While the oven is getting to 180 C or gas 4, grease a large square baking dish, wash fruit if necessary, and put in a bowl with 125 grams of sugar, stirring until fruit and sugar are well mixed. I like to use lemon verbena sugar for this recipe (just put some lemon verbena leaves in a jar with white caster sugar and store for around a month, shaking every couple of days to get a lovely lemony scent and savour).

Then pour them into the baking dish and spread them out evenly. Beat the rest of the sugar with the fat and add the egg and vanilla before alternating additions of milk and big spoonfuls of flour. Beat until smooth and pour the batter over the fruit. Should cook in around an hour, or when a skewer pushed into the centre comes out clean. Lovely with cream or thick yoghurt and equally good hot or cold. This is not a neat and tidy pudding though, so don’t expect it to look posh, even if it tastes scrummy.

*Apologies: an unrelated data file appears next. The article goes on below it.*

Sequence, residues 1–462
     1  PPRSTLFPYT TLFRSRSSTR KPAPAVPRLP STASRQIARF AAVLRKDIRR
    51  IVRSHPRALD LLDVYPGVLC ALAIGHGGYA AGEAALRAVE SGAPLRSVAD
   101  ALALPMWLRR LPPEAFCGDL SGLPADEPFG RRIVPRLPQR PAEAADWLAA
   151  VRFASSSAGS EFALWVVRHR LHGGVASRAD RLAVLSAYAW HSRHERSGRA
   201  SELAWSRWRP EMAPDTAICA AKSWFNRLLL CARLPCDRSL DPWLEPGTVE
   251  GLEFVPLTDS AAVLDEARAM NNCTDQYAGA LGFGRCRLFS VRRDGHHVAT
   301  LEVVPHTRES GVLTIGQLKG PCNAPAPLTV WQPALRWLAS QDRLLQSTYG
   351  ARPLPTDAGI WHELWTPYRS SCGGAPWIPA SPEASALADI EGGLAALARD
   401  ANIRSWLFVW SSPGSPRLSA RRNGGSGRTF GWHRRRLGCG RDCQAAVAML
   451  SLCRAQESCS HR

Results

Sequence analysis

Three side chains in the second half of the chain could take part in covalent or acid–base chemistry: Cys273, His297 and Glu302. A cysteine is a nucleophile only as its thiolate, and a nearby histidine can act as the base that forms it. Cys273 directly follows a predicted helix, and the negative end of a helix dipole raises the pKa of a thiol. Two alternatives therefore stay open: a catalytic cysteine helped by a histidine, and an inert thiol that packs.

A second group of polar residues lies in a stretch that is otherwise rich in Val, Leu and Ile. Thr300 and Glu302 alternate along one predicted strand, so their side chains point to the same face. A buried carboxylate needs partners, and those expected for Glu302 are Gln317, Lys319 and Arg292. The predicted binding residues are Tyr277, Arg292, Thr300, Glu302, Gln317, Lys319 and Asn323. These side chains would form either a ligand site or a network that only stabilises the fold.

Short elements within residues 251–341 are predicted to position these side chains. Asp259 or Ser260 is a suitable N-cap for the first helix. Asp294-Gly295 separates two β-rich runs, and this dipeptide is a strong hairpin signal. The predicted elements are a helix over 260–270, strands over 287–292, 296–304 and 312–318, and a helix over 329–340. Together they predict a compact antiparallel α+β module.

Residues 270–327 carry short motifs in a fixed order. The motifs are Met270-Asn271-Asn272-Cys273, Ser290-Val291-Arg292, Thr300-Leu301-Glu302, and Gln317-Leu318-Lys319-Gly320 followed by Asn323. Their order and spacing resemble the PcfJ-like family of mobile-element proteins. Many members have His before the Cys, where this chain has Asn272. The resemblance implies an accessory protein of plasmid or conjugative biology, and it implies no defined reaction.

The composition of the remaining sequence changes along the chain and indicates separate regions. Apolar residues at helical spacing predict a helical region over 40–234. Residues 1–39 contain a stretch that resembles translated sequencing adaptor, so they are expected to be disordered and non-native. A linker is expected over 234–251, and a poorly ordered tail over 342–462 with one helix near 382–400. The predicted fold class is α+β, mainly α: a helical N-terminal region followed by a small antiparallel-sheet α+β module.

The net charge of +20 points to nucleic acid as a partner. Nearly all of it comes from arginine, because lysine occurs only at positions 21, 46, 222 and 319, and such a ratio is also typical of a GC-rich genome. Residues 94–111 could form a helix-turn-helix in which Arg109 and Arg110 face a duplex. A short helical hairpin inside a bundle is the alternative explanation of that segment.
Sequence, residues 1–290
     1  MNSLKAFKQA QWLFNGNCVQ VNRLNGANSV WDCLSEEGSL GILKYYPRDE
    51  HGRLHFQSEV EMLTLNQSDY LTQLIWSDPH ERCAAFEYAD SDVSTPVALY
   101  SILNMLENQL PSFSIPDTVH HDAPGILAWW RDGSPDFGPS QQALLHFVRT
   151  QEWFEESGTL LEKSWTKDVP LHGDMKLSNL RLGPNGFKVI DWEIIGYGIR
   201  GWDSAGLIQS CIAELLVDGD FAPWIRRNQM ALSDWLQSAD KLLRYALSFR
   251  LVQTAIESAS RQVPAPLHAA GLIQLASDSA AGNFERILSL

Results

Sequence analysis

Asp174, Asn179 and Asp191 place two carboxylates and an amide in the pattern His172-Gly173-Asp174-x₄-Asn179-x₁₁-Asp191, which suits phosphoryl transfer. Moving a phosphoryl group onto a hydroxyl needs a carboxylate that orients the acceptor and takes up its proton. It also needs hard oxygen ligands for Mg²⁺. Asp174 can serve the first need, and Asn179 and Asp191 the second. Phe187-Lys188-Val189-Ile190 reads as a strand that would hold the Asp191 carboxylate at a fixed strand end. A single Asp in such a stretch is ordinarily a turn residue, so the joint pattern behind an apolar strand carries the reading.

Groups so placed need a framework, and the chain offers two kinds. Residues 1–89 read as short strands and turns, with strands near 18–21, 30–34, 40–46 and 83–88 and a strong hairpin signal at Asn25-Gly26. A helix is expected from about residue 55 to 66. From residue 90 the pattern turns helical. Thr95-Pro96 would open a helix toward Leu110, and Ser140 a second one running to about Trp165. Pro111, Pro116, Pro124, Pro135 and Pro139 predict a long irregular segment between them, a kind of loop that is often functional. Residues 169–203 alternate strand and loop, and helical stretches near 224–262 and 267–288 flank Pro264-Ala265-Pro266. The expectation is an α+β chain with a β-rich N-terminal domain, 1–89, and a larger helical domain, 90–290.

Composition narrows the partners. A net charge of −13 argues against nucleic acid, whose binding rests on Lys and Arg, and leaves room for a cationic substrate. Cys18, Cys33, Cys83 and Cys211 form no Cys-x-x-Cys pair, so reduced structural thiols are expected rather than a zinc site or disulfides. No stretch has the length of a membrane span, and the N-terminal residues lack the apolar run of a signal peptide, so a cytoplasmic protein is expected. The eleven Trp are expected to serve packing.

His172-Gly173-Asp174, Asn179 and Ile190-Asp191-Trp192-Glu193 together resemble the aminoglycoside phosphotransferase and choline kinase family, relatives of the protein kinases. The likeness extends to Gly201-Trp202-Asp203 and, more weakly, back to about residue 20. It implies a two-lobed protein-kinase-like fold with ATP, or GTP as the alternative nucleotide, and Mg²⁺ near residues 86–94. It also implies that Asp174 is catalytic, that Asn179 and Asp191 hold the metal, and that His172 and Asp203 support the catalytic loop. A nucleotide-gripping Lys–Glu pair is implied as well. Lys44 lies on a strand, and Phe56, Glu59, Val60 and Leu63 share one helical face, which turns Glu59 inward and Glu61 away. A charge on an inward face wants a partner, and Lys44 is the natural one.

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Posted by The Allotment Blogger on Friday, June 19, 2009 1 Comments

Allotment structures: the brassica cage

Now a lot of people will tell you that brassicas are more trouble than they’re worth, but don’t you believe them! It’s glorious to have fresh, tasty winter vegetables when the weather is harsh and the shops are full of overpriced, tasteless, boring veggies.

There are a few problems – getting the soil right and the long growing season to name but two, but the worst, for us, is pests. The Cabbage White butterfly is called that because it loves cabbages, although it has no objection to other brassicas as far as I can see. And it’s not the butterfly that’s the issue, but the caterpillars, which hatch from small eggs laid on the undersides of leaves and which hatch with a ravenous desire to eat your brassicas down to the stump.